Posted by SusanTuesday, January 24th, 2012
Sue-Ann Staff Estate Winery
Presented by Sommelier Susan Desjardins
Sue-Ann Staff 's name precedes her reputation in the Canadian wine industry. Growing up on the family farm, it was natural to pursue a degree in horticulture and biotechnology from the University of Guelph. Shortly after graduating, she headed to Australia to complete a graduate degree in oenology at the University of Adelaide.
With her graduate studies as the launching pad for her winemaking career, she worked the harvest at a winery in Australia’s Hunter Valley, then returned home to Niagara, beginning her career as assistant winemaker at Pillitteri Estates under the guidance of Joe Will. Within 6 months, she was named winemaker, spending 10 years crafting internationally recognized award-winning wines. When the newly founded Twenty Bees Winery came calling with an ambitious icewine program for Sue-Ann & she accepted. “I learned a huge amount about operations, planning and governance, and got great experience that led me later to decide to establish my own winery”. Through the years, she’s also visited and worked in France, Germany, Andorra & South Africa.
Following what seemed an inescapable destiny, she founded Sue-Ann Staff Estate Winery, and took on the role of Winemaster for the John Howard Cellars of Distinction, producing wines for the Megalomaniac brand. Already marked in her winemaking career, she has been acclaimed Winemaker of the Year (2002) by the Ontario Wine Society and has twice been recognized as one of the top four ‘Women in Wine’ by the International Wine and Spirits society in the U.K.
Rooted in her land, makes quality wines
Growing up on the farm, Sue-Ann developed an intimate understanding of the interplay between the land and the wine. “It seems like a cliché, but I’m a farmer’s daughter.” She has lived the evolution of her family’s property: the growth of juice and table grapes, the impact of Canadian-US Free Trade agreement, the vine pull-out program & the disappearance of local processing plants. Stubbornly, the family has continued to plant vinifera grapes.
Of the 140 acres on the home farm, 35 are under vine. Taking a conservative approach, the reliable Riesling and Baco Noir grapes were planted 15 years ago, followed by Pinot Gris 6 years later. Cabernet Franc, Vidal and Viognier followed 5 years ago, although, says Sue-Ann “Viognier is a stretch up here on the Beamsville escarpment”. Recognizing Niagara’s cool-climate terroir, Sue-Ann identified and planted those varietals most suitable to the region and the property, the parcels specifically selected to optimize the chosen varietal. The property sits astride two Niagara sub-appellations, 20-Mile Bench and Vinemount Ridge. The Ridge lies just above and south of the brow of the Niagara Escarpment, a long narrow moraine whose subtly undulating landscape creates many shallow, east- and south-facing slopes that provide ideal sun exposure and early spring warming to the deep clay soils. The Bench exhibits a recognizable double bench formation and short varied slopes that roll to the brow of the escarpment. Sheltered north-facing slopes & moderated temperatures due to the lake effect create ideal growing conditions.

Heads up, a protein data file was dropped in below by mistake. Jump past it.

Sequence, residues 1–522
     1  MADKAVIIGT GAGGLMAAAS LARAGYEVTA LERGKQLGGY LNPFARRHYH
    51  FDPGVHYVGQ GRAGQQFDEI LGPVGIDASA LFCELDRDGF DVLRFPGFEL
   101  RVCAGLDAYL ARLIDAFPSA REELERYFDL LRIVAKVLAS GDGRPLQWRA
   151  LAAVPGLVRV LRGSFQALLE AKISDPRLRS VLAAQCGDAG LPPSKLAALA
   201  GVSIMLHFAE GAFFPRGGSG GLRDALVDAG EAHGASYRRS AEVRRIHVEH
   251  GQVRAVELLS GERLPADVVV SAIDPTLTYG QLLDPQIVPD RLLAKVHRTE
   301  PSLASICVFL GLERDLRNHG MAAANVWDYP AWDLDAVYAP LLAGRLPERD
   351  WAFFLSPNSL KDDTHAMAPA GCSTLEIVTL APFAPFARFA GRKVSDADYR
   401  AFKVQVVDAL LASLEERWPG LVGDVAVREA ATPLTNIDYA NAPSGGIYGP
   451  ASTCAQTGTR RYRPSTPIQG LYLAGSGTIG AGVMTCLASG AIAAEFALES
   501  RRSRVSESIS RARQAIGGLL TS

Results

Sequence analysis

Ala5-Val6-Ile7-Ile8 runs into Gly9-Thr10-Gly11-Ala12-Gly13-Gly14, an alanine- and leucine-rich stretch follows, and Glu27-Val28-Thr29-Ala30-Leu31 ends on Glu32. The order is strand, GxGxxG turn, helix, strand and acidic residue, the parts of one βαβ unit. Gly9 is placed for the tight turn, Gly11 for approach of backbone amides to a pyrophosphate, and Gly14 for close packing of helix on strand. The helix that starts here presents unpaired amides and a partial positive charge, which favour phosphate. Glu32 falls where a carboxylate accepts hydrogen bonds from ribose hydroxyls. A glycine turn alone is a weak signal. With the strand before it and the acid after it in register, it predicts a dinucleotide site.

A winery with a conscience
Sue-Ann Staff Estate Winery is a designated sustainable winery, where low water use & conscientious efficient use of resources and materials ensure a minimal impact of grape growing and winemaking on the estate environment. In this commitment, she follows in the footsteps of her ancestors, who have been stewards of the land for two centuries.
Sue-Ann produces VQA wines from estate-grown grapes, her goal to create enticing, vibrant whites, intriguing reds and luscious icewines. Coming back to the land, she reminisces, “after 10 years at Pillitteri, I had forgotten how rewarding it is to cultivate a vineyard, to nurture my own vines, to watch the entire grape maturation process—this is one of the great satisfactions in my life.”
With her first crush in 2008, she produced 2000 cases (approx. 24,000 bottles). She anticipates that 2011 will yield an increase to 3000 cases, with a goal of 6000 cases by 2013. After that, it’s a matter of scale, and Sue-Ann will have to decide where she wants to take her estate winery.
“It’s the first time I’ve been responsible for the entire process. It’s a satisfying day when the harvest comes in, & the sense of personal satisfaction continues when the wine is bottled. It’s a bit like your children graduating from university.” We’d say these graduates are magna cum laude!
Enjoy this month's Savvy Selections!